Book Review: Harry Potter and the Cursed Child


It took me longer than expected, but I have finally finished Harry Potter and the Cursed Child. I'm having mixed feelings about the whole thing. I know there are Potterheads among us who hate at least the print version of the play, and I know that there are those who insist its faults lie in its being a play. The latter believe seeing it in person resolves those flaws. I fall somewhat in the middle.

I'm not going to speak to the story line at all in this review because the book is still fairly new. Also, I think you can say a lot about Harry Potter and the Cursed Child without giving away the plot, so I'll do that. Suffice to say that you'll see heroes and antagonists old and new.

I was off to a rough start with Harry Potter and the Cursed Child. I found the dialogue off-putting, to say the least. Old characters lacked the charm they possessed in the novels. New characters had stilted and even corny lines. I've had people tell me "That's because it's a play!" This isn't the first play I've read. The dialogue was not appealing to me. Worse, I didn't get caught up enough in the plot to make up for it.

Now, I told you I was somewhere in the middle in terms of my enjoyment of Harry Potter and the Cursed Child. I began to enjoy it more somewhere around the third act. Some of the dialogue got a little more compelling, the action was a bit more convincing, and the old characters weren't as stupendously out of character. I did enjoy reading the play from this point on, though it still had its shortcomings. I've yet to see how it translates to the stage, so I'll reserve judgment on the final product.

While, as I said, I found Harry Potter and the Cursed Child enjoyable to a certain degree, I wasn't moved by it. In the novels, I was at times in tears. I laughed out loud. I grew to love the characters. None of that was happening with this play, and I'm afraid it had nothing to do with the lack of prose that comes with the format. I've enough imagination to fill in the blanks. I just wasn't swept away enough to laugh, cry or anything close.

All of the above being said, I'm so ready for Fantastic Beasts and Where to Find Them. If this isn't the last of the bunch, I really hope Rowling is the only writer of canonical Potter texts in the future.

Review and Summary: "The Giver" by Lois Lowry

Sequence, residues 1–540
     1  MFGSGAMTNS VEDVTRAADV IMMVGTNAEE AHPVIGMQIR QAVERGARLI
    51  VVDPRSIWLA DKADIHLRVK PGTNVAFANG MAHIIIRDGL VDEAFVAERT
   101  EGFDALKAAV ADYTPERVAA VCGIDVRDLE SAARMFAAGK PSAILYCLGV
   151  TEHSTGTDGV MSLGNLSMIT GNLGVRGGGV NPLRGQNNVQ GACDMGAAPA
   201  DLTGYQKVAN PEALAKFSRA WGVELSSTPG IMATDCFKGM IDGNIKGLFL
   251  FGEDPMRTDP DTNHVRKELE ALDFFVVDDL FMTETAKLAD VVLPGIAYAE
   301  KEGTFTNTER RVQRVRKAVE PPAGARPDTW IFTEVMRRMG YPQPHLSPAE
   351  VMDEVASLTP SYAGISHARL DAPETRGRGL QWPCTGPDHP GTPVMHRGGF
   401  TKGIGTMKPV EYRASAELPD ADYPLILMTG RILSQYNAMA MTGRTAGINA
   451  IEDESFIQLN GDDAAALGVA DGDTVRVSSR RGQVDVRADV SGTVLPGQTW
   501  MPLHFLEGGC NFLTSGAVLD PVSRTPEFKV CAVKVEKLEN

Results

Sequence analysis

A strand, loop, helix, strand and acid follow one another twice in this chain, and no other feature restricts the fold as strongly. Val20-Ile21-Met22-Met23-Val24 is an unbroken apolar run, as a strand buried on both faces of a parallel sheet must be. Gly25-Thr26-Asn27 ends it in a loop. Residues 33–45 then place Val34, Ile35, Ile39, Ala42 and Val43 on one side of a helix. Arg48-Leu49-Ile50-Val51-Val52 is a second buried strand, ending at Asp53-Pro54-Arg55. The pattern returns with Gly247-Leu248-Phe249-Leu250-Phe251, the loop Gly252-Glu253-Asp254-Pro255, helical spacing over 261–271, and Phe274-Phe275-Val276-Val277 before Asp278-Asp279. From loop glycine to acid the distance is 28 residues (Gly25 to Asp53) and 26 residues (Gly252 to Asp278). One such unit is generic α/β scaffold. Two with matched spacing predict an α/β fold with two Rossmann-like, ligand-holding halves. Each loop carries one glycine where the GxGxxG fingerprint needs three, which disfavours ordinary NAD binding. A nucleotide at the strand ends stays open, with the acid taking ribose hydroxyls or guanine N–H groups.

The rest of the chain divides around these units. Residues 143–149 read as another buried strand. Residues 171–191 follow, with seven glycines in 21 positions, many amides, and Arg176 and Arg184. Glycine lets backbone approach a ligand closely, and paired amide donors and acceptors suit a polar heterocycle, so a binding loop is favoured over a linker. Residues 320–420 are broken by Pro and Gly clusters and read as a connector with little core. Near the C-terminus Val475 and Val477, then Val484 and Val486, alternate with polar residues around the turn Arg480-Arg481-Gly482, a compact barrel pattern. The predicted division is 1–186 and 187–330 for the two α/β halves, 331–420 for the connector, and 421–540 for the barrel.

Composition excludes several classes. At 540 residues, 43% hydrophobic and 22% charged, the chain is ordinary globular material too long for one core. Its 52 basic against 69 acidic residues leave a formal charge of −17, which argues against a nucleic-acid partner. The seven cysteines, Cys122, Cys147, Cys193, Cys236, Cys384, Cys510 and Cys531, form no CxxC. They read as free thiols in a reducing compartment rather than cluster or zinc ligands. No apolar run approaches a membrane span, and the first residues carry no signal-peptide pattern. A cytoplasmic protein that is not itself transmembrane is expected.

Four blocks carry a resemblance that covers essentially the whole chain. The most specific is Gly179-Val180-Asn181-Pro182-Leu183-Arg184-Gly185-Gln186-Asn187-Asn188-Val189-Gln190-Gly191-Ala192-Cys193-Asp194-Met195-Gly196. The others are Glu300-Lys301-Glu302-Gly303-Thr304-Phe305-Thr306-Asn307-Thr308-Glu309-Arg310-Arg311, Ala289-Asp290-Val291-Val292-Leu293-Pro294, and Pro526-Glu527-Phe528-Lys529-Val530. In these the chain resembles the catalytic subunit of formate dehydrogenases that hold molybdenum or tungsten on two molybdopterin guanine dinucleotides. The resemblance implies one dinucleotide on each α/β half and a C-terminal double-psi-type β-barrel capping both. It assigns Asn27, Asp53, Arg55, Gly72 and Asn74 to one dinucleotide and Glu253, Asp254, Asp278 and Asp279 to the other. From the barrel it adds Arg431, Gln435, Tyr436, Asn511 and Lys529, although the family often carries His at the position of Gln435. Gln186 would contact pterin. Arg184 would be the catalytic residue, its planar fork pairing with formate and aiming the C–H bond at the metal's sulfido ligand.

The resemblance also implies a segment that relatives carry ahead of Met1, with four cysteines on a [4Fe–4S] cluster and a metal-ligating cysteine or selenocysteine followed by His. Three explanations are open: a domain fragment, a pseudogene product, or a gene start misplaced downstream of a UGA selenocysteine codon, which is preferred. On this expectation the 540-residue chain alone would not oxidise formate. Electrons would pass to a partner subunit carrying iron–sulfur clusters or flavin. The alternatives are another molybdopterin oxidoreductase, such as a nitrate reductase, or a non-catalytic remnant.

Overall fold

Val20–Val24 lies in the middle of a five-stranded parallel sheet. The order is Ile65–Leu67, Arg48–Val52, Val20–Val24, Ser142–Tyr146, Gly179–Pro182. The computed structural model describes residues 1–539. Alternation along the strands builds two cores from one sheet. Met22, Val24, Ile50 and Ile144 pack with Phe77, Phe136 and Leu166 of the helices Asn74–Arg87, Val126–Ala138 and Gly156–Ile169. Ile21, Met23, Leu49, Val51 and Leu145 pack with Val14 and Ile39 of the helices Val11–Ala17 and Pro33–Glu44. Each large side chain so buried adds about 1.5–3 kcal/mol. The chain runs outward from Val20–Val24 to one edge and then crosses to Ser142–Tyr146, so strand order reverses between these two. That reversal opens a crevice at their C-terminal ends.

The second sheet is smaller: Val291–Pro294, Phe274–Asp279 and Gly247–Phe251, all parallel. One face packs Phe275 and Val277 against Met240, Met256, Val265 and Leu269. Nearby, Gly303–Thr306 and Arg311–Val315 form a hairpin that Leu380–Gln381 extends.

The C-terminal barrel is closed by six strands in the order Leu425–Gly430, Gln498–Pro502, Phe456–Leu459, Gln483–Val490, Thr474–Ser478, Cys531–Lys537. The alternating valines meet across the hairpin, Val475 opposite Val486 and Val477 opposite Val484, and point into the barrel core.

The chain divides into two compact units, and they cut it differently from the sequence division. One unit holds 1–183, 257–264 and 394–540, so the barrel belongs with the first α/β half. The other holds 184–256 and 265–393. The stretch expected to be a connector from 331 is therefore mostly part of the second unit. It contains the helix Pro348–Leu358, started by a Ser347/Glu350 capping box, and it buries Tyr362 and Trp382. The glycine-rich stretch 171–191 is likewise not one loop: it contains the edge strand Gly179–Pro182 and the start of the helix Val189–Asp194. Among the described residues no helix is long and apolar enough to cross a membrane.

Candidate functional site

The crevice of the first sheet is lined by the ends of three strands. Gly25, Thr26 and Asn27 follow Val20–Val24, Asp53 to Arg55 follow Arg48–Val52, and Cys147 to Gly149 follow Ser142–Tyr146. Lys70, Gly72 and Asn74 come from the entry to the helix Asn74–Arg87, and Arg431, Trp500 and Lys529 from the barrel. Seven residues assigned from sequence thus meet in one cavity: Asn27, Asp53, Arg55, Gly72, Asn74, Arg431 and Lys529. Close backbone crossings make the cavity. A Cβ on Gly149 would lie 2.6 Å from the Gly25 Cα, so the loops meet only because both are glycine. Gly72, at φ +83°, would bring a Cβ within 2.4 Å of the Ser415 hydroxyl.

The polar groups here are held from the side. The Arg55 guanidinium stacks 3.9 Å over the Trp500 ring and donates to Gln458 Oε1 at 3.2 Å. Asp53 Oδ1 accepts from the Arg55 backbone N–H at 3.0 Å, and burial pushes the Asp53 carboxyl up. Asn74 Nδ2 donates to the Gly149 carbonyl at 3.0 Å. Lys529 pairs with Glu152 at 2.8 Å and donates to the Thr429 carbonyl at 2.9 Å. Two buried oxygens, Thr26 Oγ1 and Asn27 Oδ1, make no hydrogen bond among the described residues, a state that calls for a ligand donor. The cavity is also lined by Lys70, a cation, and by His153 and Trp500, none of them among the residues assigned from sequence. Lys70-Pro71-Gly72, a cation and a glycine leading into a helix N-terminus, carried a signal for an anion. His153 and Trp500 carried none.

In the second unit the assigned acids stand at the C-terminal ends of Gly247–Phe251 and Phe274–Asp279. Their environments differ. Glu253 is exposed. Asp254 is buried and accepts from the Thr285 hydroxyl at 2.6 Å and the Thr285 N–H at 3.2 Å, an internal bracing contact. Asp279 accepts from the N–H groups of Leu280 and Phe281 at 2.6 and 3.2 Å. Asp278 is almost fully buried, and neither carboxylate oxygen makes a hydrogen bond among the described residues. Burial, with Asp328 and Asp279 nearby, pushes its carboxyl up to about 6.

Lois Lowry
Photo by Kenneth C. Zirkel

What can I possibly say about Lois Lowry's The Giver that hasn't already been said about this award-winning novel? Probably not much. Many a more astute reviewer has rattled on about it in the past decades. Nonetheless, I've set out to tell you about most of the books I read, so I'm going to do that now in the knowledge that you should just stop reading this and go read The Giver. Seriously.

*Some spoilers

I was born in the 80s and had a developed love of literature by the 90s. Lois Lowry was one of the first writers to hit me square in the feels. She did it with Number the Stars–a kiddo-friendly look at the horrors of the Holocaust. Because I loved that book so much as a kid, I determined to read The Giver long ago, but have only just got around to it. I shouldn't have waited.

They say there are no original ideas left, but I think there are a few that come close enough or are executed so well that it hardly matters. The Giver is a bit of both. For some reason, I was nostalgic for A Wrinkle in Time and 1984 when I read it. Neither had parallel stories, but a similar feel definitely permeated all three (only for a brief section in the case of A Wrinkle in Time). That nostalgic feeling was there, but the story was also so individual that I devoured it.

In a world filled with Sameness, a young man named Jonas is chosen to be the only one among his people with memories of suffering and joy. He is to receive all of the memories of their history by a man he comes to know as The Giver. The Giver labors under the weight of these memories and, while sympathetic with Jonas, is eager to relieve his pain. However, as Jonas learns the truth about his life, he and The Giver must decide if it's time to release their burden.

The Giver is a short, simple read with complex, thought-provoking themes. Yes, it is categorized as children's literature. It's not. It is a book that people of most age groups can appreciate that happens to be at an easy reading comprehension level. This novel moved me at the age of 33. I've been thinking about it since I completed it last night and will surely remember it fondly for the rest of my life.

Shelly Barclay